Arno Ehle (University of Kassel) |
Norbert Hundeshagen (University of Kassel) |
Martin Lange (University of Kassel) |

The sequent calculus is a formalism for proving validity of statements formulated in First-Order Logic. It is routinely used in computer science modules on mathematical logic. Formal proofs in the sequent calculus are finite trees obtained by successively applying proof rules to formulas, thus simplifying them step-by-step.
Students often struggle with the mathematical formalities and the level of abstraction that topics like formal logic and formal proofs involve. The difficulties can be categorised as syntactic or semantic. On the syntactic level, students need to understand what a correctly formed proof is, how rules can be applied (on paper for instance) without leaving the mathematical framework of the sequent calculus, and so on. Beyond this, on the semantic level, students need to acquire strategies that let them find the right proof. The Sequent Calculus Trainer is a tool that is designed to aid students in learning the techniques of proving given statements formally. In this paper we describe the didactical motivation behind the tool and the techniques used to address issues on the syntactic as well as on the semantic level. |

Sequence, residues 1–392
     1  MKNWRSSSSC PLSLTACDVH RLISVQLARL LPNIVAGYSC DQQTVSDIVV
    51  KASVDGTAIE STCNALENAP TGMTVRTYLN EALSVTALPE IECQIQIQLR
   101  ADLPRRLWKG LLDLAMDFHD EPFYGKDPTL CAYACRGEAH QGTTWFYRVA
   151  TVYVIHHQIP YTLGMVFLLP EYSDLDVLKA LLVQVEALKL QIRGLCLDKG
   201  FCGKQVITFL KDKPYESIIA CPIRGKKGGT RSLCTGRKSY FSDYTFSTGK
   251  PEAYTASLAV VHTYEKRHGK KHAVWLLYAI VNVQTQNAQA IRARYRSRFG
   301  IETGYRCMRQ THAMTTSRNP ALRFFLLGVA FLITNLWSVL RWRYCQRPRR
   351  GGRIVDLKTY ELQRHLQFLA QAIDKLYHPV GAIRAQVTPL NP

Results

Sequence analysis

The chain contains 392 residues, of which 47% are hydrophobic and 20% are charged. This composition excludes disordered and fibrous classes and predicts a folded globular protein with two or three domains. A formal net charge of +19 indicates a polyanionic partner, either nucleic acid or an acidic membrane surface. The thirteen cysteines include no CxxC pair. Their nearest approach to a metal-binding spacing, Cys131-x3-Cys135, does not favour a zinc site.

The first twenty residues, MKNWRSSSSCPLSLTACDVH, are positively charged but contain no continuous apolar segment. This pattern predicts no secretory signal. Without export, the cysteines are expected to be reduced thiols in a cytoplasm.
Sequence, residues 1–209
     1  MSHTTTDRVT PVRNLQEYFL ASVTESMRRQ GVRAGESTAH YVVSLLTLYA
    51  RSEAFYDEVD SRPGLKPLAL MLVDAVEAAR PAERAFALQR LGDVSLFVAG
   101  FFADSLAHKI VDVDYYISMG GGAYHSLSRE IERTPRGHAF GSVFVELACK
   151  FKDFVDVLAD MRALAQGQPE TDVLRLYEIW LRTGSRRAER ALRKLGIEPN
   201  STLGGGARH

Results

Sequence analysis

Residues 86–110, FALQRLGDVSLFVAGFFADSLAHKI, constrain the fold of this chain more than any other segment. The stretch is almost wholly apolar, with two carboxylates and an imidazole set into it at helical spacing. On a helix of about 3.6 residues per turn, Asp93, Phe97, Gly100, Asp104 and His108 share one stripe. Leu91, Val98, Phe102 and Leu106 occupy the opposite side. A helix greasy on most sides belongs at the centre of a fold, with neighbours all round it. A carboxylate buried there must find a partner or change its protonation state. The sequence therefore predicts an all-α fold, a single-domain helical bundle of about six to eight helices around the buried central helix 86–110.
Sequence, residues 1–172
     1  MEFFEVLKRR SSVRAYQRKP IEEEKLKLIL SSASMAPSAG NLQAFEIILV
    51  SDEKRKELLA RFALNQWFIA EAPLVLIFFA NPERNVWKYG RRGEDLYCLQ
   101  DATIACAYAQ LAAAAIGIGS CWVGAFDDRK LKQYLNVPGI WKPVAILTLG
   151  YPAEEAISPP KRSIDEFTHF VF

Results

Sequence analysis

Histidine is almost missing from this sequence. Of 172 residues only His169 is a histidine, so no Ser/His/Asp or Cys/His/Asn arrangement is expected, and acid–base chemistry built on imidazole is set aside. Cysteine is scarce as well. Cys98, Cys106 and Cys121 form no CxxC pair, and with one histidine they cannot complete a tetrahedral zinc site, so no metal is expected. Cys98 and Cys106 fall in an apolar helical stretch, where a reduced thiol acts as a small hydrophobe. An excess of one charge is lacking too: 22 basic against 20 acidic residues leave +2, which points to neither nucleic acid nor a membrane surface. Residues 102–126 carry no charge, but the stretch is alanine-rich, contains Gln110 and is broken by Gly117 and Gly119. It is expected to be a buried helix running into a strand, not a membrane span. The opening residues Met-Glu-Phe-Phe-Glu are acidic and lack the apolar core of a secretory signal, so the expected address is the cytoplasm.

Published: 2nd March 2018.

ArXived at: http://dx.doi.org/10.4204/EPTCS.267.2 | bibtex | |

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